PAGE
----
In this study, we constructed biomimetic nanoparticles named exosome-coated luteolin-loaded PLGA nanoparticles (Exo-Lut-NPs) to target HSCs and combined Exo-Lut-NPs with sorafenib for HCC treatment. The exosomes isolated from HepG2 cells (a human HCC cell line) with the method of differential centrifugation were characterized by the particle size, Zeta potential, morphology, and characteristic proteins including heat shock protein 70 (HSP70), CD63, TSG101, CD9, and CD81. The luteolin-loaded PLGA nanoparticles without exosome coating (Lut-NPs) and Exo-Lut-NPs were also characterized by particle size, Zeta potential, drug loading capacity (DLC), encapsulation efficiency (EE), morphology and in vitro release profiles under pH 7.4 and pH 5.5. The HSC targeting effects of nanoparticles were investigated on LX2 cells by synthesized DiD loaded nanoparticles with or without exosome coating (DiD-NPs and Exo-DiD-NPs). Moreover, we evaluated the indirect anti-tumor effects of Exo-Lut-NPs on LX2 cell conditioned medium-induced HepG2 cell sorafenib-resistant model in vitro and investigated the combined therapeutic effects of Exo-Lut-NPs and sorafenib on an HCC subcutaneous xenograft mouse model.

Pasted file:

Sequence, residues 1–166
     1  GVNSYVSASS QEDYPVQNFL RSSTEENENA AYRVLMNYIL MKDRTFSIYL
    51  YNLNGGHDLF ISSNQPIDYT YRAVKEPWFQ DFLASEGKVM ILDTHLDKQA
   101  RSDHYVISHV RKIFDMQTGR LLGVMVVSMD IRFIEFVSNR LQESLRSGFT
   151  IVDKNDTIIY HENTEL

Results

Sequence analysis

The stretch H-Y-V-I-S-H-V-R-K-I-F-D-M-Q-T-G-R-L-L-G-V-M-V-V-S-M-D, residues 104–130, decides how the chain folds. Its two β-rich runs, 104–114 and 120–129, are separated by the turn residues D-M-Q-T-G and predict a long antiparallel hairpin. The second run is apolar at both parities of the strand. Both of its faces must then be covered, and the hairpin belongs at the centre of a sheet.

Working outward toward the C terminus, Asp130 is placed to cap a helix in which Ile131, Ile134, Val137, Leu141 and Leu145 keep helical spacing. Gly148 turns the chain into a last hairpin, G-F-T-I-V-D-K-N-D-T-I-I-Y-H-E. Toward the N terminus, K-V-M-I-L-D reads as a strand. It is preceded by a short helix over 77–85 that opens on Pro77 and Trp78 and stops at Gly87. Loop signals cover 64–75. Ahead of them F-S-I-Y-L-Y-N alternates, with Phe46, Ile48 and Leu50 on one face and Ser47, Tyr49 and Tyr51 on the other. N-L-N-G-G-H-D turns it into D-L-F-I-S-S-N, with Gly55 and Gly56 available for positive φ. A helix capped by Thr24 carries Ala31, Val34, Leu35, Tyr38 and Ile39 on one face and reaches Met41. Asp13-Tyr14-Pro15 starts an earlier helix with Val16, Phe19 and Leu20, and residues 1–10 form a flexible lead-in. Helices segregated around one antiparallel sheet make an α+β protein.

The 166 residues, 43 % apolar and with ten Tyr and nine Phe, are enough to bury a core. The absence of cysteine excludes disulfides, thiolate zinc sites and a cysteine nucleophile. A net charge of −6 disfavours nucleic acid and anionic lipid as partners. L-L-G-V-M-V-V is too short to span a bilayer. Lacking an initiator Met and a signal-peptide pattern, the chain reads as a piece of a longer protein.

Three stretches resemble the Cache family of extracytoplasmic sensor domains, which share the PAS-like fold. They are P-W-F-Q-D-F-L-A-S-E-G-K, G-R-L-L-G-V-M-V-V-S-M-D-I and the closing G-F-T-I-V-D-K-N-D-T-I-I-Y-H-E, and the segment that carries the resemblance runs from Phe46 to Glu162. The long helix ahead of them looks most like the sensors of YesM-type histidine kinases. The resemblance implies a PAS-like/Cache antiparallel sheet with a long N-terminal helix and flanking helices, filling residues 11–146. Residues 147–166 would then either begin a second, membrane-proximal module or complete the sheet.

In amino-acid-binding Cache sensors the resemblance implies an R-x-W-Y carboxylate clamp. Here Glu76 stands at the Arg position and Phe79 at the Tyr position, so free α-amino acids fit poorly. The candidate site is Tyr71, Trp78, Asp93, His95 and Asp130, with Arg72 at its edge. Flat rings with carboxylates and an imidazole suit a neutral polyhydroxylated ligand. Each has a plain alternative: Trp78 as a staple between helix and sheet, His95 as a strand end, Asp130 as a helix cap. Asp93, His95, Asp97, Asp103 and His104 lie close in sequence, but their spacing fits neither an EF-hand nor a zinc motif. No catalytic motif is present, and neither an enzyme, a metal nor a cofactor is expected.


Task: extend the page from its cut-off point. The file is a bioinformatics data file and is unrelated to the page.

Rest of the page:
Materials and methods

Cells and animals

HepG2 and LX2 cells were kind gifts from the Department of Hepatology, Shuguang Hospital, Shanghai University of Traditional Chinese Medicine (Shanghai, China). The Additional file 1 provided the identification results of short tandem repeat (STR) for HepG2 cells and LX2 cells. The cells were cultured with a complete medium composed of Dulbecco’s modified Eagle’s medium (DMEM; Meilunbio, China) supplemented with 10% (v/v) fetal bovine serum (FBS; Gemini, USA) and 1% penicillin/streptomycin (Basalmedia, China) at 37 °C in 5% CO2. Both HepG2 and LX2 cells were detached using 0.25% and passaged twice per week at a subcultivation ratio of 1:3. The medium was renewed every 2–3 days. Twenty male Balb/c nude mice (4 weeks) were purchased from Charles River (Beijing, China) and bred in specific pathogen-free facilities. The experimental procedures were specifically approved by the Institutional Animal Care and Use Committee of Shanghai University of Traditional Chinese Medicine (IACUC No: PZSHUTCM220124025). All animal experiments were performed according to the animal welfare guidelines and the “3R” principle (reduction, replacement and refinement).